For the attributes you select, the process of identify the metrics, or performance targets, moves your understanding past the label. These attributes make your stakeholder's hopes and fears tangible. Using the SABSA Business Attributes Profile is central to ensuring your business mandate, risk profile, goals and objectives are carried through the entire architecture development.
SABSA Risk Model
Enterprise risk management is all about removing the uncertainty of reaching your objective. The higher your uncertainty, the higher your risk.
In most casual conversations we use risk differently, we use risk as a synonym for a threat. Or, a synonym for something that can go wrong. SABSA takes us down the path of professional risk management, with a focus on removing uncertainty.
The reason for focusing risk on uncertainty is simple - everything we do in business carries an upside and downside. We launch a product with an upside and downside. We enable customers to remotely access our systems for an upside with a potential downside. The product launch has an objective - market share, revenue, competitive position. Remote access also had an objective. When a bad thing happens we fail to reach our objective.
What are you doing to increase your ability to reach an upside? What are you doing to lower the probability of the downside? What are you doing to ensure you reach your objective.
In short, the SABSA Risk Model helps us optimize our business. Remove uncertainty. Reach our objectives.
SABSA Domain Model
SABSA Domain Model resolves complexity in risk ownership, governance, & policy management. It does this by exposing ownership and delegated accountability.
Every Domain has a definable boundary. Everything inside a Domain shares common trust, policy, and risk appetite. Whenever these things change you need a new Domain. A Domain may delegate risk appetite or performance targets to a specialist domain at a lower level of abstraction.
The concept of Domains can be difficult to grasp. We observe architects either immediately grasp that Domains are a flexible logic construct or try to map to a rigid structure. Keep in mind that Domains are logical constructs. All Domains have a relationship to something larger, something smaller, or a peer.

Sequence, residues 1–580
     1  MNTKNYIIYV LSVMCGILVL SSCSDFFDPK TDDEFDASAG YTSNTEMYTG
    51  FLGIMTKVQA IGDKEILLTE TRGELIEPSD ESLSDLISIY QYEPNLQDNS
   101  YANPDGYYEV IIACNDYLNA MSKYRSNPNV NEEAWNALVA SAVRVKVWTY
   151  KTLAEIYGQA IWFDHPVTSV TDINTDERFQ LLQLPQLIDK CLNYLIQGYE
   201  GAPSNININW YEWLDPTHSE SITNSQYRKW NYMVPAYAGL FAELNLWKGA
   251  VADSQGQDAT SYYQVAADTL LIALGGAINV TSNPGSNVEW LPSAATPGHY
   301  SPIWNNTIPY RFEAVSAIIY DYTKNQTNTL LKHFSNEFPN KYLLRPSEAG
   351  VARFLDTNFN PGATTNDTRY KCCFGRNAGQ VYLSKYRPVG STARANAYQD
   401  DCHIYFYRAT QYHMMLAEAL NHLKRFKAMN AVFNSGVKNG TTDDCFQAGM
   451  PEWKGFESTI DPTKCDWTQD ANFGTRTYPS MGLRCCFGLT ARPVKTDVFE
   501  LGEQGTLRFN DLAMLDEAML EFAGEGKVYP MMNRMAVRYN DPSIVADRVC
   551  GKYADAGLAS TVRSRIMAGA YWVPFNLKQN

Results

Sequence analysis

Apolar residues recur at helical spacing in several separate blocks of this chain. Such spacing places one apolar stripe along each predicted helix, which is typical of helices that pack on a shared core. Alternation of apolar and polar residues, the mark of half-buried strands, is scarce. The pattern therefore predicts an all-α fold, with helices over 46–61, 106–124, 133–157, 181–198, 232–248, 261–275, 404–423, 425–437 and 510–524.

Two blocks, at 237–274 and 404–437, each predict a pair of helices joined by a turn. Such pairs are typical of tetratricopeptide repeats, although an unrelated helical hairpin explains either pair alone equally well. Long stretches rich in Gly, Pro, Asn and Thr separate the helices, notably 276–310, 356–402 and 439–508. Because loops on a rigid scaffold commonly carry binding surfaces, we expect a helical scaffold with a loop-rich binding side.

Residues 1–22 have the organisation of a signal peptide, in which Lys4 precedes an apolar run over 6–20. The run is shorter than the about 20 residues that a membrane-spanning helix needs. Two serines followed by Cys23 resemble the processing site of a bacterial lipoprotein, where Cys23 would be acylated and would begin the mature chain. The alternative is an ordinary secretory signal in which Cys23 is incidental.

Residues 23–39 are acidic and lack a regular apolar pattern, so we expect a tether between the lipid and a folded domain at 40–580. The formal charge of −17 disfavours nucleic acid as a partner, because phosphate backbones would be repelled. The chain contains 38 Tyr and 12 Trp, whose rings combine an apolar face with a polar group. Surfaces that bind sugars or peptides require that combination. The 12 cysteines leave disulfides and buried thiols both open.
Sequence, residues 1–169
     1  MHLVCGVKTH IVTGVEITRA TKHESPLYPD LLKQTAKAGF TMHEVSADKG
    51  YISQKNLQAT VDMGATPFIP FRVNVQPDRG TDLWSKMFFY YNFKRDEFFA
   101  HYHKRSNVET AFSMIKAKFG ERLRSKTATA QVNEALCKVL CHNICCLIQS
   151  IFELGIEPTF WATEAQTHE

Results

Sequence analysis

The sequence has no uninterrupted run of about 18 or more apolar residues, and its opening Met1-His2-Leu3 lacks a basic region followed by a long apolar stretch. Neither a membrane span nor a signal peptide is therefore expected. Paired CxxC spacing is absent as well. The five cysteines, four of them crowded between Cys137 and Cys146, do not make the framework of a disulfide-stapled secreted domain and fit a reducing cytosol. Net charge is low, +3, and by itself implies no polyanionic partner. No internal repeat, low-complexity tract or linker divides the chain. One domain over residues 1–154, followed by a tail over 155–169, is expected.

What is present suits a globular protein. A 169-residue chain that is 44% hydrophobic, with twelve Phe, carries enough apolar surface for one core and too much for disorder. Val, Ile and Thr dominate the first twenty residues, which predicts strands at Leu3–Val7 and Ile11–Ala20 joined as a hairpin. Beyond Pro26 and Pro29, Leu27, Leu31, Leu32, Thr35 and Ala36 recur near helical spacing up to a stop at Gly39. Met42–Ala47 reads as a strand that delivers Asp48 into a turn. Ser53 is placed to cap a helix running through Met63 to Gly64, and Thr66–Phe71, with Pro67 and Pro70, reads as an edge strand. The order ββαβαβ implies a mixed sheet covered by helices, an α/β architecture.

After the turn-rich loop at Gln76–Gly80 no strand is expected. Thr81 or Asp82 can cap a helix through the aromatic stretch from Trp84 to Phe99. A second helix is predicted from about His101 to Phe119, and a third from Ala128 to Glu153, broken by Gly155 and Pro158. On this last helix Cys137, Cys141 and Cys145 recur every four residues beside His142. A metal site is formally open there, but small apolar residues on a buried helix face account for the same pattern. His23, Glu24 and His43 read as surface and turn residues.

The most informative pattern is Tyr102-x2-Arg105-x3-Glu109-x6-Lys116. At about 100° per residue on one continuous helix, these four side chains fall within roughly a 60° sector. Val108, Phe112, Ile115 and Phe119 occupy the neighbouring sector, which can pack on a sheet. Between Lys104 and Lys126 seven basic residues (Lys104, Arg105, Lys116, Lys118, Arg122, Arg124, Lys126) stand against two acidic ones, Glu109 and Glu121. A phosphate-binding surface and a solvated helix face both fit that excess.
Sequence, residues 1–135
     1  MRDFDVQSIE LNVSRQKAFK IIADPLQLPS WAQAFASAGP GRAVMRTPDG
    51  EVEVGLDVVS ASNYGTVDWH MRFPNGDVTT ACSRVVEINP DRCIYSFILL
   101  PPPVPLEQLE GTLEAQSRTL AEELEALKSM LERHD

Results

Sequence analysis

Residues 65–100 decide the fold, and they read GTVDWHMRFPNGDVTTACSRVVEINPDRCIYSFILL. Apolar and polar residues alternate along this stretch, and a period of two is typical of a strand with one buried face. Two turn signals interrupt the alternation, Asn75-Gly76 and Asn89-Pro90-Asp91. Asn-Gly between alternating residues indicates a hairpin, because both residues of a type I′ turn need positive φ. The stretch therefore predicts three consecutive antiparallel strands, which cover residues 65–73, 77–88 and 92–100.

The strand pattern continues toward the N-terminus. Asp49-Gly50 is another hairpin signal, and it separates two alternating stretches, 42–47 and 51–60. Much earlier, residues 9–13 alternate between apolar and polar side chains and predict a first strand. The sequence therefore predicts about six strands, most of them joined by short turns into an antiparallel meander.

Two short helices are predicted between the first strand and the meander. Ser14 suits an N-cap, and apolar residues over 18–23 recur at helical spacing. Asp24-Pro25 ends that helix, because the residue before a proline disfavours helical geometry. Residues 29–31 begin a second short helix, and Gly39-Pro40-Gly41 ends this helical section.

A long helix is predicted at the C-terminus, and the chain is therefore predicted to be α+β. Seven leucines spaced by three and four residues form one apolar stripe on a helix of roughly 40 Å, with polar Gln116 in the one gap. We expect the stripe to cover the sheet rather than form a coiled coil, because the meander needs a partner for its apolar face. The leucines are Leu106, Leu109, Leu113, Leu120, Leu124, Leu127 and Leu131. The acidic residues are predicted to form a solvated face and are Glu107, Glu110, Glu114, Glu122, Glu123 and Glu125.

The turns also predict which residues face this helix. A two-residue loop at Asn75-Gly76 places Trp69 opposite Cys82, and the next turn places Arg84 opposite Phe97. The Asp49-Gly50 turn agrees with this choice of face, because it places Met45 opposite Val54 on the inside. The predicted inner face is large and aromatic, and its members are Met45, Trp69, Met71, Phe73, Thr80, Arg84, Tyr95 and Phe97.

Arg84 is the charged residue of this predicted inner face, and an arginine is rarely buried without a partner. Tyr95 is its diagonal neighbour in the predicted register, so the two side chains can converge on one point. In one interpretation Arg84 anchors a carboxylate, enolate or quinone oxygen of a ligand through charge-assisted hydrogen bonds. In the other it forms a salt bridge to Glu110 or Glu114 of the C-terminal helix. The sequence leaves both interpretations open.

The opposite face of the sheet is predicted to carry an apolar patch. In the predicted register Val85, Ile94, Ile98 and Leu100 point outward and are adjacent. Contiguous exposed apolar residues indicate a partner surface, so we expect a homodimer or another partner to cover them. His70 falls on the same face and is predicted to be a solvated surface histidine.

Domains have rules and expectations delegated to them. They may in-turn delegate further. Use the Business Attributes Profile to confirm you are delegating the right issues, expectations, and performance targets.
The SABSA Domain model is an incredible foundation for governance, including enterprise architecture governance. With a good Domain model you enable
- Embraced Ownership
- Clarity of accountability and responsibility
- Consistent risk appetite and performance targets
- Reporting against risk appetite and targets
- Systemic relationships to be identified, understood, and resolved
- Traceability of risk treatments and solutions to requirements
Do it Yourself Improved Risk and Security Using SABSA
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Specialized guidance for building a government EA Team to support a significant initiative
Improve your end-to-end enterprise architecture development.
Risk and Security Case Studies
We use SABSA beyond traditional Information Security and threat protection. The SABSA Business Attributes Profile, the SABSA Risk Model, and the SABSA Domain Model. make us better security architects, IT architects, and enterprise architects. These case studies show how we integrated best practice risk and security into our enterprise architecture.